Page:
Power of Observation

Never will I claim to be the most observant of humans. In fact, my husband of nearly 44 years, Studly Doright, is fond of telling me that I have “awareness issues.” I’d disagree with him if he weren’t so right.

Yesterday I wrote about a woman who, while visiting in my home, thought that when I said that I’d just finished my first novel that I meant I’d just finished reading my first novel.

https://nananoyz5forme.com/2020/06/08/my-first-novel/

Okay, I get it. I don’t look all that scholarly, but she was in my home, where literally the first thing one sees upon entering Doright Manor is this:

And this:

Look around a bit and you’d see this:

And this:

And even this:

Oh, and then there are my Star Wars books:

And

The dust is real.

Most of my books are on kindle nowadays, but the evidence that I’m a reader is pretty clear. So perhaps I’m not the only one with awareness issues. Maybe we can start a club.

Peace, people.

My First Novel

One day last week I ordered new carpet for the room that suffered damage from our recent water leak here at Doright Manor. The saleswoman who helped me decide on a pattern came out to the house to measure the area to be carpeted and talked me into also buying carpet for the two adjacent rooms. She was quite good at her job.

We chatted as she measured and eventually she asked what I did with my free time. I told her I’d recently finished my first novel. She looked at me kind of funny, so I elaborated, saying I one day realized I’d written 100,000 words.

“Oh,” she said. “I thought you meant you’d finished reading your first novel.”

We laughed, but then I wondered if I needed to upgrade my image. Surely I don’t look like a non-reader. Right?

Sort of relative cartoon.

Peace, people!

International Book Club Report

Several of my readers asked for a follow up post about yesterday’s book club meeting, and I’m happy to oblige. For those unfamiliar with yesterday’s post, here’s the link:

https://nananoyz5forme.com/2020/04/19/international-book-club-meeting/

This was my first Zoom experience, and for the most part the technology worked well. A couple of those attending experienced technical difficulties, and I know that was frustrating for them.

I believe there were nine of us in the meeting, and it truly was an international experience with one attendee from England and another from France. The U.S. was represented by folks from Texas, New Mexico, Oregon, Idaho, and Florida. Due to the time differences, some folks were enjoying a glass of wine while we met, while others were still savoring their morning cups of coffee. Me, being in the middle joined the wine drinkers, of course.

Opinions on the book, Infield by Téa Obreht were mixed. The story tended to appeal most to those of us who’d grown up in the Southwest. The themes of thirst and need certainly resonated with me. It’s not light reading, by any means.

But—there are camels in Infield. And who doesn’t love camels? A very small portion of the book is set in Camp Verde, Texas. Several years ago Studly Doright and I were staying in Kerrville, Texas, with a group of our motorcycling friends. The men left early one morning to enjoy riding the sweeping curves of the Texas Hill Country at speeds that make me shudder, while three of us women set off on our own slower paced ride.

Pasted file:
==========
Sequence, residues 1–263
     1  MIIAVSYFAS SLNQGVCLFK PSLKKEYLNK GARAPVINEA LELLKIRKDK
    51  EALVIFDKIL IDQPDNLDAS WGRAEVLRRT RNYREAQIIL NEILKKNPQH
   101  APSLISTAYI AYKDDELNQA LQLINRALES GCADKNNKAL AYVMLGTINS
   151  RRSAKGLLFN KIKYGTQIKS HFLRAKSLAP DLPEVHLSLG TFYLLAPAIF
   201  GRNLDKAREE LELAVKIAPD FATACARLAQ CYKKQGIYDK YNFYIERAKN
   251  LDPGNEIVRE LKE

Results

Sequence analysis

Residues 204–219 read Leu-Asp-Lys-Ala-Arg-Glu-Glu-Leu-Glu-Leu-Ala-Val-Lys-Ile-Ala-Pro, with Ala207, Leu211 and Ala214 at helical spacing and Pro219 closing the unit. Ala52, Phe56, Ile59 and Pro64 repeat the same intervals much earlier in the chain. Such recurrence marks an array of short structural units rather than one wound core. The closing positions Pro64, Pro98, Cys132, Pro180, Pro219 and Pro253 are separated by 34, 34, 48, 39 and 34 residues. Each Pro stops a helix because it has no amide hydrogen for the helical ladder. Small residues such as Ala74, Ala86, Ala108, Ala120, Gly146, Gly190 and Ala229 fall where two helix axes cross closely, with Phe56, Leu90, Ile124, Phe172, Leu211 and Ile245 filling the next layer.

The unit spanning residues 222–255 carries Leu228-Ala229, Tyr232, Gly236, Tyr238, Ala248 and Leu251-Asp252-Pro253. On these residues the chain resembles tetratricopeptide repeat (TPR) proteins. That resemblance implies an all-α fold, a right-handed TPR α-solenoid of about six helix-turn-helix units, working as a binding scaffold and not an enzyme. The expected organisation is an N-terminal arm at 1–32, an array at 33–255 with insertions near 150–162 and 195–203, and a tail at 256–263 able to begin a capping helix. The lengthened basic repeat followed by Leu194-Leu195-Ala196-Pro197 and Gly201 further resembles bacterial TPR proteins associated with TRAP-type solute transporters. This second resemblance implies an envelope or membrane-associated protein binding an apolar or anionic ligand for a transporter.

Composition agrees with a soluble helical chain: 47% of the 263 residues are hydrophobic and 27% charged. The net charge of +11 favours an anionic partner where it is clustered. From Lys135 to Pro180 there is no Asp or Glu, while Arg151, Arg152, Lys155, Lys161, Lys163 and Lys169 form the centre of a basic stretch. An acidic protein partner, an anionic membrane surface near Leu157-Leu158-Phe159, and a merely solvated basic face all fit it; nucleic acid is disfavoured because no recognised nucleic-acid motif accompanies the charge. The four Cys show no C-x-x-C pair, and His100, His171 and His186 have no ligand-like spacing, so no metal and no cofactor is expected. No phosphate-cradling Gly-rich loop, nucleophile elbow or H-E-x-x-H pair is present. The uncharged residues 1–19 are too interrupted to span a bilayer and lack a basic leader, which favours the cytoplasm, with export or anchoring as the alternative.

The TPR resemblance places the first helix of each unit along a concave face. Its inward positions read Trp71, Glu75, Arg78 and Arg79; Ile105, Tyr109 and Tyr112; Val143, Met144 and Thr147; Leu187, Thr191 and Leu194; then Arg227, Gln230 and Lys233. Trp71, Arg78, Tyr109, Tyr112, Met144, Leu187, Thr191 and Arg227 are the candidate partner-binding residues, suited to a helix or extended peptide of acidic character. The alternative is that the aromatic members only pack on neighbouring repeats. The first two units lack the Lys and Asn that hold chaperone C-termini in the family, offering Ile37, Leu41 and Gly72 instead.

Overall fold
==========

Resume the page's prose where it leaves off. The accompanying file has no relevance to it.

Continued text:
It was my day to lead, and I hate being the leader, but I took my turn without too much grumbling. We had no destination in mind that day, so I just headed south. We hadn’t gone more than about 19 miles when I thought I’d begun hallucinating, for in the near distance stood a camel calmly grazing. There was a sign posted that read “Camp Verde” and another for a general store, so I made an executive decision and turned left into the parking lot.

My friends and I spent the entire morning at the General Store, shopping, having lunch, and learning about the Camel Corps.

The U.S. Army’s “Camel Corps” Experiment

It seems I got sidetracked on my book club report, but I’d recommend this method of meeting if your group is jonesing to get together. I’m not very savvy when it comes to technology, but I was able to join the meeting with ease. I did keep forgetting to mute my mic when others were talking. Next time I’ll put a sticky note on my computer to remind me.

Peace, people!

International Book Club Meeting

I’m a book club dropout. Over the years I’ve belonged to several, but after a few weeks or months I become disenchanted and gracefully, I hope, bow out.

On the surface, it would seem that I’d be a book club aficionado. My reading habit is nearly insatiable, and if I only had money enough for food and books, I’d grow very skinny, but I’d have plenty to read.

I have a couple of issues with book clubs, though. First, I like to read what I want to read when I want to read it. I think if I could belong to a club in which we all simultaneously read a book of our own choosing and then met to exchange information about our chosen books, I’d be all in.

The second issue is that often the book I didn’t want to read, but read anyway because someone in the book club chose it, isn’t really discussed at the meeting. The group might start off discussing the book, but within five minutes the meeting dissolves into a purely social occasion. Argh.

I’m certain there are clubs out there that I would enjoy. I just haven’t found one yet.

Today, though, I’m going to participate in an international book club meeting via Zoom with several people I know from my senior year at Dumas high school. The instigator of this group, M.E., recommended the book, Infield by Téa Obreht, after she’d read it and felt the need to discuss it with others. I’m one of the lucky others.